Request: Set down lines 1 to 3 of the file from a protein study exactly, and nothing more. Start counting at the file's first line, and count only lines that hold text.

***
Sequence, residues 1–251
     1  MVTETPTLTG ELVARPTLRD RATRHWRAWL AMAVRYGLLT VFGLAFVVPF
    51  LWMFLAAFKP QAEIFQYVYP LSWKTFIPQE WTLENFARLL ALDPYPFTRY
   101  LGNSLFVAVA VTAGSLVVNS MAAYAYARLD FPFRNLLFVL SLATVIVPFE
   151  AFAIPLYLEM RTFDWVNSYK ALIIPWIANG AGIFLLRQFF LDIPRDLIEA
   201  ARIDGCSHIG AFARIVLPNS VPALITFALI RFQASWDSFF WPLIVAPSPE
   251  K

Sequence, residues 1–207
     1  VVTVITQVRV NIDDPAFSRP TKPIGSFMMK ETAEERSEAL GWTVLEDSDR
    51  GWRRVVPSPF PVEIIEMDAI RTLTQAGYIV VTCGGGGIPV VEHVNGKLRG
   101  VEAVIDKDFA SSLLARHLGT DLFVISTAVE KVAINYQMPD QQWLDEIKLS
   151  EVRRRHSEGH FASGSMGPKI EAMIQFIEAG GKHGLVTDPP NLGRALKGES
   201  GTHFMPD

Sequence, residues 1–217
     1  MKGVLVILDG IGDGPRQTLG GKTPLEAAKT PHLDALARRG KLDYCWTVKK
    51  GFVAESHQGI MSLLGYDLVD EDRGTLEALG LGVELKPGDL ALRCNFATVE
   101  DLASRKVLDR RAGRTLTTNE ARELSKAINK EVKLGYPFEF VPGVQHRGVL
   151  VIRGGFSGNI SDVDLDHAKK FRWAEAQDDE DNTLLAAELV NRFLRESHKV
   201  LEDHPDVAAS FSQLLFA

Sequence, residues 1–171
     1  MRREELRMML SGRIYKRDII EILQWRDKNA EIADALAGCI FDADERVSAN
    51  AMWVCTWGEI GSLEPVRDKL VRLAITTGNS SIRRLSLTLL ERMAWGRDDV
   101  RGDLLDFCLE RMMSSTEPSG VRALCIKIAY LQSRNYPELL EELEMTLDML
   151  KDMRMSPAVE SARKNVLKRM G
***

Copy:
Sequence, residues 1–251
     1  MVTETPTLTG ELVARPTLRD RATRHWRAWL AMAVRYGLLT VFGLAFVVPF
    51  LWMFLAAFKP QAEIFQYVYP LSWKTFIPQE WTLENFARLL ALDPYPFTRY